Why Stainless Steel Watches Are Trending Now
In the 1970s, there was the Quartz Crisis. Swiss artisans had dominated the market with their exquisite mechanical timepieces for hundreds of years when American and Asian companies like Seiko began mass-producing quartz movements, transforming the industry. Slow to adapt to changing tastes, many heritage watchmakers suffered during the ‘70s and ‘80s as collectors sought out new and innovative watches, often at a fraction of the cost of a mechanical movement.
These days, something similar seems to be happening in the luxury watch industry, but instead of new technology, it’s a new crop of collectors that are forcing the change. “The younger generation has a more value-driven approach to buying watches,” says Fine Jewelry and Watch Manager Nathan Hall. “Rolex might sell a stainless steel Submariner for $8,000, but they want $36,000 for the same model in gold. The movement (the inner workings of the watch) is the same — you’re essentially paying up to 430% more for the prestige of a gold case and bracelet.”
While some millennials are forgoing the traditional timepiece altogether in favor of tech-savvy items like the Apple Watch, burgeoning collectors are getting their feet wet in the world of haute horology with more affordable stainless steel models. Even John Mayer credits a stainless steel IWC Big Pilot for touching off his well-documented obsession with luxury watches.
In tandem with this inclination toward a more economical material is a preference for classic, vintage-inspired pieces. “A lot of watchmakers are reintroducing older styles in more accessible materials and price points,” says Hall. At Baselworld, several brands from Tudor to Patek Philippe to Omega released models based on older styles. “In the old days, watches were always made of steel. There’s a desire for watches that are more parallel with traditional watchmaking.”
The Swiss market is doing its best to roll with the tide. Even precious metal advocates like François-Paul Journe, whose independent company exclusively produced movements made in gold and platinum for several years, admitted recently that stainless steel remains to be a strong trend. Many of the most coveted new releases at Baselworld were made in stainless steel, including one elusive icon: the Rolex Daytona. “Brands like Rolex that are celebrated for their all-gold watches are actually leading the push toward stainless steel,” explains Hall. “They’re able to capture the mass market because of the number they produce, but are also able to appeal to the collector because of their icon status.”
Capturing a Larger Audience
Over the past year, exports of precious metal watches decreased by 31%, forcing Swiss companies to trim the fat. “A ton of brands had put a lot of bank into the Chinese market, which has dropped off rapidly,” says Hall, citing China’s crackdown on luxury gift-giving as one cause of the drop in demand for gold and diamond watches. “The underlying principle is that brands are becoming more mainstream by making a watch that attracts more than just one subset of collectors,” says Hall. “If you make a 36mm solid gold watch, that appeals to a very small number of people, namely women with a certain income level. A 40mm steel watch could appeal to both men and women because the size is unisex, and the price point is more obtainable. It’s about getting rid of excess product that the market is not able to support.”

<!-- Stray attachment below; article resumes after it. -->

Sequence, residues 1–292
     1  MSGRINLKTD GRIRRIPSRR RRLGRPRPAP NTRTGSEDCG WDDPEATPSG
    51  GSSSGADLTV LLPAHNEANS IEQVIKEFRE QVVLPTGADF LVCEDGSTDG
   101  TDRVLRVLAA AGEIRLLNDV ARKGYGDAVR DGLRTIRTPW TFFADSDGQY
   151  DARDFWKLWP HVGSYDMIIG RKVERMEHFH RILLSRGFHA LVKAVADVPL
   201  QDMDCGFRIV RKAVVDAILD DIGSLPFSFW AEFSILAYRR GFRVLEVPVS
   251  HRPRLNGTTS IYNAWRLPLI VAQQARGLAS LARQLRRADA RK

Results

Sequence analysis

Stainless steel is also around four times lighter than gold, and with the trend toward larger cases, opting for a less cumbersome material is a clear advantage from a wearability standpoint. A stainless steel watch also translates seamlessly from work to play to formal events. A diamond-encrusted Datejust may be stunning paired with a little black dress or tuxedo, but doesn’t feel quite right for running weekend errands in a bomber jacket and sneakers. The bottom line — if you’re going to spend big bucks on a luxury timepiece, you’re going to want to optimize your cost per wear.
A Smart Investment
In terms of what material makes for the best investment, Hall advises that despite its lower price point, stainless steel watches often hold their value better than solid gold ones, largely because the market for stainless steel pieces is stronger and those watches will sell at a higher velocity.
But if you really are a precious metal devotee, there is a smarter (and more accessible) way to shop. “Buying a brand new luxury watch is a lot like buying a brand new car — the value depreciates vastly once it goes out the door, so if you really want to maximize your return on investment — whether it be a steel or gold piece — your best bet is to buy on the secondary market, like on The RealReal.” Generally speaking, purchasing a pre-owned watch even one year after its release will save you around 20 to 30% off the retail price, giving you a much smaller target to break even in the future.
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